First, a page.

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Peace With Spain

San Juan was sacked near the end of the sixteenth century by the famous seaman Drake; pirates of various nations visited the island from time to time; and it was also attacked by British men–of–war. In spite of all this, however, the Spanish settlers prospered, and as they were better governed or more submissive than… Read More

Famous Frigate — The Constitution

The most famous American frigate at that time was the Constitution, which came out safely from so many hard fights that she earned the nickname of “Old Ironsides.” When war began, the Constitution had just come home. In her first cruise she fell in with a British squadron, and as she could not face several… Read More

Two Girls Fake–Out British Attackers

In 1813, a British fleet began ravaging our coast, landing here and there to do damage. Thus they set fire to towns and shipping, robbed churches, and behaved ever where with great cruelty. But although the enemy ravaged the Southern coast, they, spared New England, because they thought the Northern states might yet offer to… Read More

British Shells Baltimore

Not content with burning Washington, the British next attacked Baltimore, where they shelled Fort McHenry for more than twenty–four hours. When their ships first drew near the fort, some Americans came on board with a flag of truce, to arrange for an exchange of prisoners. But fearing that these men would betray their plans, the… Read More

Free versus Slave States

We have seen how Oregon became a part of our country. It was settled mostly by people opposed to slavery, so that it came in as free soil. But the Southerners had already asked that Texas be allowed to join the Union as slave soil. Many people wished thus to keep the balance even. Eight… Read More

Tippecanoe

It was during President Madison's first term that war broke out. Ever since the beginning of the Revolutionary War, the British had secretly excited the Indians against the Americans. This was easy to do, because the Indians were already angry at the rapid advance of the settlers. In 1800, so many Americans had gone to… Read More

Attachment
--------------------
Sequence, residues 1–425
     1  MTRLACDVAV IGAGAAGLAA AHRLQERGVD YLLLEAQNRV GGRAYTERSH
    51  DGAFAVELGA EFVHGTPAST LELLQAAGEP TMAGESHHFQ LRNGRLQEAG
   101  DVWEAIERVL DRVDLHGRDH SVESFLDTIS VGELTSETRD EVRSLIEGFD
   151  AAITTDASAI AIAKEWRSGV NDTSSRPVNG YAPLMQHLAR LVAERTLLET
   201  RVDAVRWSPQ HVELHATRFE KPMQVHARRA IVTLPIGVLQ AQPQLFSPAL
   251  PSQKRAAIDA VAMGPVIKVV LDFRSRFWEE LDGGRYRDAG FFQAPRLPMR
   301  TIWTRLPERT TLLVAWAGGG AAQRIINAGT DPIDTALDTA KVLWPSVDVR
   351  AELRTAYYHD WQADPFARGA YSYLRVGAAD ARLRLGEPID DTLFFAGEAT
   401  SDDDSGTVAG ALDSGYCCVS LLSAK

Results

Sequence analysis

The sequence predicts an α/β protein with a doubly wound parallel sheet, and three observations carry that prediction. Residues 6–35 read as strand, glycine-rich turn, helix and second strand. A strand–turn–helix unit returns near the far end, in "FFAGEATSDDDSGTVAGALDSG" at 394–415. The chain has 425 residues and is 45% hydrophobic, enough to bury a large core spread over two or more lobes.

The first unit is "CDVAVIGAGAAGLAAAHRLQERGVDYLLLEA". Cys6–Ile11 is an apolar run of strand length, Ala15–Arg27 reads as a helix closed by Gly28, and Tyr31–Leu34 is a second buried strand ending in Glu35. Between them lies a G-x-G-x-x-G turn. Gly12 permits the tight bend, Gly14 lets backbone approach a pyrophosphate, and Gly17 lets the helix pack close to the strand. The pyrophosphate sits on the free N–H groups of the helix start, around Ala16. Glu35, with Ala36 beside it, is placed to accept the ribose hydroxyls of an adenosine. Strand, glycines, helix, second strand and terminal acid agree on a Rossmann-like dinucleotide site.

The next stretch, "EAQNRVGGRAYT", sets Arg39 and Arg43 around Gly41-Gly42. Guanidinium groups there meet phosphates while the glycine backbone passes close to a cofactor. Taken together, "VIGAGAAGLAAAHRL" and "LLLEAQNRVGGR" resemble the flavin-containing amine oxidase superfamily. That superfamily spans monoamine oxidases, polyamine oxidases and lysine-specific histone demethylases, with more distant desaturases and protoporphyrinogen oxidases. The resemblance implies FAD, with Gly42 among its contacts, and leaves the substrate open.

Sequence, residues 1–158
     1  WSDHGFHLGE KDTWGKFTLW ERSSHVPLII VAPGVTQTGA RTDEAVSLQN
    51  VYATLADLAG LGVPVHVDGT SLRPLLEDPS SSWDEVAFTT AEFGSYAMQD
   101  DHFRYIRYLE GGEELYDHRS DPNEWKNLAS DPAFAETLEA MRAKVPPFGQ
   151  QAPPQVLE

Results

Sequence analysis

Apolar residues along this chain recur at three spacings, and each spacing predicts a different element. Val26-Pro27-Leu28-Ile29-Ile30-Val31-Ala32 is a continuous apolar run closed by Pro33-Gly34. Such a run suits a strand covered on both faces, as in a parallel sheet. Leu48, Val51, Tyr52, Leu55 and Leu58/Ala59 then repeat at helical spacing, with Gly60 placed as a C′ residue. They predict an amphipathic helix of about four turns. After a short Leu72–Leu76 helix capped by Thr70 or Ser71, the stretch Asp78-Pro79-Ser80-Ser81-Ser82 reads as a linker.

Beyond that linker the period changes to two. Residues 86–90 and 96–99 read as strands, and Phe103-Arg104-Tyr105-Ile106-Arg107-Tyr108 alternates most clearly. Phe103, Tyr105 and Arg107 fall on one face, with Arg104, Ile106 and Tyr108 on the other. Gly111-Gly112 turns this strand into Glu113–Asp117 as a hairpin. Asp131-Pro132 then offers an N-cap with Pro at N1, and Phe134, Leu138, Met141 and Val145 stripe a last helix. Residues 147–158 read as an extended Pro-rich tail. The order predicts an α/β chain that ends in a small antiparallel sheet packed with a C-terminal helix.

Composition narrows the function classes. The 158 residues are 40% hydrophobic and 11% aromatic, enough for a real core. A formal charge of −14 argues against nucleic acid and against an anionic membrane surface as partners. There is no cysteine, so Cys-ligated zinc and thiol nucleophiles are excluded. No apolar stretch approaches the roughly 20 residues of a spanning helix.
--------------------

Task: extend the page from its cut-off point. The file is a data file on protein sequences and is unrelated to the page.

Cotton Gin and Slavery

One day, in 1793, some planters remarked in Mrs. Greene's presence that if a machine could only be invented which would separate cotton from its seeds, the Georgians would soon be rich. The lady promptly answered that if the machine could be made, she was sure Mr. Whitney was the man to do it, for… Read More

Erie Canal

New roads were made in many directions, bridges were built over rivers and brooks, and the National Pike or Cumberland Road made traveling easy between the Potomac and Ohio rivers. Stagecoaches now ran regularly between the principal cities, and steamboats began to appear on all the large lakes and rivers. Along the roads and down… Read More

Battles of 1814

Two exciting engagements took place in the North, in 1814. One was the battle of Lundys Lane, or Niagra, so near the falls of that name that the roar of the water rose above the din of battle. Here, one of the officers under General Scott pointed out a battery to Colonel Miller, asking him… Read More

War Between Britain and France

Our greatest trouble during Jefferson's rule was brought about by the war between France and Great Britain. The British did not want the French to have any food from abroad, and, hoping to starve them, said that no vessels should be allowed to enter French ports. The French, to take their revenge, then promptly decreed… Read More